hat step 2Gather the upper left and lower right corners together at the top

hat step 3Then gather the upper right and lower left corners together. You now have a hat poof.

hat step 4Pull your poof through the top of your hat brim like so:

hat step 5Once the bottom of the poof is well inside the hat band, open it up and push the tissue paper against the interior perimeter of the band. Staple the tissue to the hat band. Done!

hat step 6To make an apron, spread a rectangle of white plastic table cloth on a table.

plastic rectangle

Leaving 1-2″ inches of plastic at the top of the rectangle, cut two, 7.75″ wide pieces out of both sides. Your apron now has “strings.”

apron step 1Use self-adhesive foam shapes to decorate your apron.

apron step 2Put on your hat, tie your apron, and get ready…it’s time to race with giant cheeseburgers!

So, where exactly did I get the cheeseburgers? Funny story. Katie and I were setting up for this event when a mini truck stopped by our table. The driver had a question for the event coordinator. I looked up, and saw them.

burgers on truck“Are those giant CHEESEBURGERS?” I asked, quite excited.

As it turns out, the University’s Department of Athletics has a sponsorship from Cheeburger Cheeburger. During home halftime shows, they run relay races with the burgers. When not in use, the cheeseburgers are stored in a stadium supply closet.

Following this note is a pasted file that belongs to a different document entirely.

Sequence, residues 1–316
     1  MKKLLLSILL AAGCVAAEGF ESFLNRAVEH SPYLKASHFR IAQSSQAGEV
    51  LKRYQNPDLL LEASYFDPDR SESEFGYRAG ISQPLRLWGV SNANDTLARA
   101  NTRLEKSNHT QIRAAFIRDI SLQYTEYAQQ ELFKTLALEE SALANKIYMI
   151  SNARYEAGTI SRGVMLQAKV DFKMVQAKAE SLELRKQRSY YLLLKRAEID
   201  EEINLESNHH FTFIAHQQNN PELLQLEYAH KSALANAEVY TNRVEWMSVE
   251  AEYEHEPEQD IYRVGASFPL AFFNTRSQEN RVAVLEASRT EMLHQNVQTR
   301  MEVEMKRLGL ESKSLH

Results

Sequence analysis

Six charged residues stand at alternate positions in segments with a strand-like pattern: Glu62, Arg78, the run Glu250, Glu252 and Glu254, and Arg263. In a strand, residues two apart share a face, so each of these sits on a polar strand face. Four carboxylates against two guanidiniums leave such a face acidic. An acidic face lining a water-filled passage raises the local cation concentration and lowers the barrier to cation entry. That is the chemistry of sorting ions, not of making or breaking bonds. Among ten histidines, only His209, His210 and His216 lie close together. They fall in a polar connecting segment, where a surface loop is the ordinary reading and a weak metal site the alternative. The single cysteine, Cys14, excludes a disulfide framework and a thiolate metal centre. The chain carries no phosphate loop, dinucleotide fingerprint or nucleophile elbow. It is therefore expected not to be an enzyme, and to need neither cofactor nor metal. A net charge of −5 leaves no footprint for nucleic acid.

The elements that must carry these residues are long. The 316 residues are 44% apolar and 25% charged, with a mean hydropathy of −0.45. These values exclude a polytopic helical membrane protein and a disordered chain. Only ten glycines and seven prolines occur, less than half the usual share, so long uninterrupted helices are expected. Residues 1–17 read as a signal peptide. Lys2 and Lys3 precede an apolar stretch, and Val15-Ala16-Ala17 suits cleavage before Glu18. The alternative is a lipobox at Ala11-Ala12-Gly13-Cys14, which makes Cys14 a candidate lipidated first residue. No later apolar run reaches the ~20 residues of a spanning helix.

“Can my library BORROW them?” I asked, getting even more excited. They said yes and about a week later, we fetched the burgers.

In the event that you don’t have a University athletics department with giant cheeseburgers, you can make some out of large pieces of felt. An even cheaper option is to use construction paper to make some slightly-larger-than-normal cheeseburgers.

And now…the relay race!

Our race consisted of 2 teams with 6 players per team. Each player had to locate a different piece of the burger in the library, race it back to the “burger building area,” and add it to the top of the burger. When the burger was complete, the race was over.

Knowing that things could get a little crazy, I designed some game cards to keep the race organized and (somewhat) calm.

Each of our cheeseburgers divided into 6 different pieces (bottom bun, cheese, burger, tomato, lettuce, and top bun). So we made 6 cards that showed an image of each burger piece (along with the word for the piece – because it’s never too early for picture / word association!). There were 2 sets of color-coded game cards. One for the Red Team, and one for the Blue Team.

game cards front

The backs of each card were numbered so each player knew when his/her turn was coming up. Only 2 kids (one from each team) raced at a time. Number 1 went first, found his/her piece, dragged it back to the burger-building area, and added it to the burger. Then Number 2 departed for his/her piece. This continued until the cheeseburger was finished.

game cards back